organizing your online sales finances for taxes

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organizing your online sales finances for taxes

Running an online sales business has opened a lot of doors for my family. It has provided us with the additional income that we needed to get through some hard times. My wife has been taking care of this business from the beginning and has done quite well with it. The one thing that she overlooked was the bookkeeping aspect of it. She has done her best to hold onto receipts and track spending, but she didn't do very well putting it all into a spread sheet for tax season. If this is something that you are experiencing, this blog can help you reclaim the organization you need to optimize your finances for tax season.

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Midlife Marriage -- The Perfect Time To Assess Your Financial Life

Remarrying in midlife means the consolidation of two existing lives -- and often two families -- into one. It's an exciting prospect and a chance to begin a new life. Believe it or not, this exciting time is the perfect opportunity to take a fresh look at many aspects of your financial lives and make changes for the better. Here are 5 parts of your finances that you should reassess when getting remarried. 

Your Taxes

A new marriage changes both parties' taxes - often in unexpected ways. Filing your income taxes jointly can have both positive and negative impacts on both spouse's taxes depending on their prior situations. It may even be better to file separately if one partner's income greatly exceeds that of the other. You may have new minor children to claim as dependents or college expenses to deduct. You may also find that your withholding taxes are no longer adequate or are taking too much of your income. Meet with an accountant to discuss all the aspects of your new family and see how your taxes will change. 

Your Retirement

While you're investigating and making changes to your accounts, this is a good time to do two things with your retirement money: rebalance and consolidate. If your retirement investments are set on auto-pilot (such as with a Target Retirement Fund or Index Fund), talk with your CPA about how they have been doing and your new spouse's risk levels to determine if you want to make any changes. Also, look for old retirement accounts -- IRAs, Roth IRAs and 401(k) accounts -- held by either spouse from prior jobs and see if you can consolidate any or all of them into your current portfolio. This will make managing your finances easier.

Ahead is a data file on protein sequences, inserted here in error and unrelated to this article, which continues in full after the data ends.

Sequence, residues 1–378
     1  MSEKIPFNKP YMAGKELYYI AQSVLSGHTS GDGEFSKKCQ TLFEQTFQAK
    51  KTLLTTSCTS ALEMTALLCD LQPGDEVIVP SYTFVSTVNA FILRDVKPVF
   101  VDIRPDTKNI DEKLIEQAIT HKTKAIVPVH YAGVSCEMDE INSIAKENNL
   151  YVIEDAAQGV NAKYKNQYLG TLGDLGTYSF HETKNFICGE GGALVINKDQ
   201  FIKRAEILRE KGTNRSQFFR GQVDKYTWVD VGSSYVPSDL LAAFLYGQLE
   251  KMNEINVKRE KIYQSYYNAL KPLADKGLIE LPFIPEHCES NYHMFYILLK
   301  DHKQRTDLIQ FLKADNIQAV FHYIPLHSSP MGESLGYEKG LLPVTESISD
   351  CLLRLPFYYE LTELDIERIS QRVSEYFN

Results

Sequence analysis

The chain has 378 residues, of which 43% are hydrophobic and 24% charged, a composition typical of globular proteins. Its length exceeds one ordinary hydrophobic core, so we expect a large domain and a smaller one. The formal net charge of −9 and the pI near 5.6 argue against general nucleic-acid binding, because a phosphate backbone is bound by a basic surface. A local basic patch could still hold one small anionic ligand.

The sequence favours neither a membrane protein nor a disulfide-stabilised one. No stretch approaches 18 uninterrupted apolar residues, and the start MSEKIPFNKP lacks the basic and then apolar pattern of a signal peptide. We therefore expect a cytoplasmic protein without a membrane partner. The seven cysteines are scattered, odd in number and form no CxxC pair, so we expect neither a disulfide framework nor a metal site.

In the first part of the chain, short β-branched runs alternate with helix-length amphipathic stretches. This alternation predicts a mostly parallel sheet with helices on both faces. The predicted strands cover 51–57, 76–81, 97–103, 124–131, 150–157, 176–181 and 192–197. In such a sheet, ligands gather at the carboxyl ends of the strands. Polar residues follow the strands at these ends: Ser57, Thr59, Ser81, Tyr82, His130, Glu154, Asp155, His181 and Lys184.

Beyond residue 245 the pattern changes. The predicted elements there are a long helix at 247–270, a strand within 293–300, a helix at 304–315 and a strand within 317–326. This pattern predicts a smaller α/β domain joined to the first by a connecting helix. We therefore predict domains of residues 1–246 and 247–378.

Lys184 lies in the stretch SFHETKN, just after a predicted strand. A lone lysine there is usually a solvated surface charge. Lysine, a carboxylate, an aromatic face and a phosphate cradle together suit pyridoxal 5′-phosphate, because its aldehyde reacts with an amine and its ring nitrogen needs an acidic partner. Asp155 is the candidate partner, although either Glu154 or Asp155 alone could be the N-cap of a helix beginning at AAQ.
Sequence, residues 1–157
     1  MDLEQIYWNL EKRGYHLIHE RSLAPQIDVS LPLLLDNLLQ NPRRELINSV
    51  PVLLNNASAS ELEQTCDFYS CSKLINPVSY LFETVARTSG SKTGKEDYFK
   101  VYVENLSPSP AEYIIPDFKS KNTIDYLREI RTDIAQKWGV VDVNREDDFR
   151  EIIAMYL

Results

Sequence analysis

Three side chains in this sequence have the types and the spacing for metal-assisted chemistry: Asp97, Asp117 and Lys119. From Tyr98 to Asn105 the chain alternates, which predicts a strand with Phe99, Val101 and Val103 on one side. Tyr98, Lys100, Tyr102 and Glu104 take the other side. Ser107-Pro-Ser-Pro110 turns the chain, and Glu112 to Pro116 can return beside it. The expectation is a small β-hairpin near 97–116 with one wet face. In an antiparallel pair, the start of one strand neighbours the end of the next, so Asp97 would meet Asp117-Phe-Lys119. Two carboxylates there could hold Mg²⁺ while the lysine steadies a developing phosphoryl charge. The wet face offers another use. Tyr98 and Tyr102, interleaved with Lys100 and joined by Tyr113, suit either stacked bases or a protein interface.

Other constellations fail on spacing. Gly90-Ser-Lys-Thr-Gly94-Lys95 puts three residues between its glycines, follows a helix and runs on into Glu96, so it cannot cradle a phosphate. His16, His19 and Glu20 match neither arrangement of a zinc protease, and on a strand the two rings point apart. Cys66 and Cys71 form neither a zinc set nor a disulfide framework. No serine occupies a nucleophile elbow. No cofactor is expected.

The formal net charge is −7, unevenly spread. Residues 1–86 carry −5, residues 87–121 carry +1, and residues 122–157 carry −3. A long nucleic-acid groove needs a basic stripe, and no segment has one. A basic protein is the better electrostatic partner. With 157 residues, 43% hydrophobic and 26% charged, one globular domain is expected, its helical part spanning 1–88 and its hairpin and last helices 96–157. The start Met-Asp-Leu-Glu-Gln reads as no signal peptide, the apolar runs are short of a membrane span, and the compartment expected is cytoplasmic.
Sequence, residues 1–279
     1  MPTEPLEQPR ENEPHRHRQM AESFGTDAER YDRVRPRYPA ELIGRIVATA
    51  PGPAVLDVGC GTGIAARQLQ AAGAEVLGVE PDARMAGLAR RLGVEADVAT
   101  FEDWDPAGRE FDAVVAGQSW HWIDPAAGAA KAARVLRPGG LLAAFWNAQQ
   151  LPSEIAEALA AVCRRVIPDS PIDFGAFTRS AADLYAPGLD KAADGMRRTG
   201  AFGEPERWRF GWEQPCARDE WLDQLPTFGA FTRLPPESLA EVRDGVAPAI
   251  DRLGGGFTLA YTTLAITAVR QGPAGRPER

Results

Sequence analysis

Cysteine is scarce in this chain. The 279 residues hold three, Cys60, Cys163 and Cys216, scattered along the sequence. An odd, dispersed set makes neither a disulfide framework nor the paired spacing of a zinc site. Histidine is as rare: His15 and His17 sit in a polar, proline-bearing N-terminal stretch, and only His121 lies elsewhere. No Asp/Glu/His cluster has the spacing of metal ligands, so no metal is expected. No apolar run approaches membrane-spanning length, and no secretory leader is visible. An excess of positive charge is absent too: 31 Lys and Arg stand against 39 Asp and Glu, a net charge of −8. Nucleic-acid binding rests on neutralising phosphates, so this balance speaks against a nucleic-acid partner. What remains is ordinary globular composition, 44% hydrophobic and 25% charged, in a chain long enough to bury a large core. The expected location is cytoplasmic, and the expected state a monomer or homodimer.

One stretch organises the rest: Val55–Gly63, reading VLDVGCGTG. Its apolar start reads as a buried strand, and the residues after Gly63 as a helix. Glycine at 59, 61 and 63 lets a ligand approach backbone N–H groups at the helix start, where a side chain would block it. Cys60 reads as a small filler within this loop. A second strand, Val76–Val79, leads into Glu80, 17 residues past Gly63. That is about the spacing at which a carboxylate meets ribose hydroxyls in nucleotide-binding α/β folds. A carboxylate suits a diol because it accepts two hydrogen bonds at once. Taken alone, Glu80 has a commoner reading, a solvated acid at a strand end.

Your Insurance

Your insurance needs change as your family and life situation does. So make an appointment to go over your changes with your insurance agent or broker. A new spouse likely brings another car and driver that may warrant multiple-policy discounts. If you end up with two homes -- even for a short time -- be sure you have Vacant Home Insurance or Vacation Home Insurance to cover it. This is also a good time to reassess the value of your shared belongings for home insurance purposes. Have valuable items including jewelry (including that new wedding set!), antiques, collectibles and heirlooms appraised or re-appraised for current value. 

Your Beneficiaries

Many account holders open accounts but fail to go through the extra steps of choosing beneficiaries unless the rules force them to. And if they do choose beneficiaries at the beginning of the process, they almost never revisit those choices to see if they are still the right decision. Your new marriage and new family members give you the perfect reason to look at all your beneficiary designations -- bank accounts, insurance policies, retirement accounts, wills and brokerage accounts --  to make sure your choices reflect your current life. Is your new spouse added and your old spouse removed? Have minor children grown to adults and been added or removed? Are any family members' ex-spouses still listed as beneficiaries? Also make sure that Social Security numbers, birth dates and name spellings are correct. 

Your Benefits

Like beneficiaries, many people choose their employee benefits once and fail to reconsider many of them annually. This can result in unnecessary benefits, extra paycheck deductions and inadequate coverage. Meet as a couple with both employers' Human Resources departments to go over all the benefits each person has. Can you save money by adding family members to one person's health insurance? Is your employer-provided life insurance adequate for your new family's needs? Are you paying for old benefits or charitable deductions that you don't need or want? Are you contributing to retirement plans? And if so, is your contribution sufficient to provide for both partners' retirement needs? Working on benefits together ensures that you get the most bang for your buck.

While it's not very interesting to think about going over your finances as newlyweds, it's important and can save you both a lot of money. Getting rid of old accounts, old beneficiaries and outdated coverage will give your new family a fresh start as you move forward.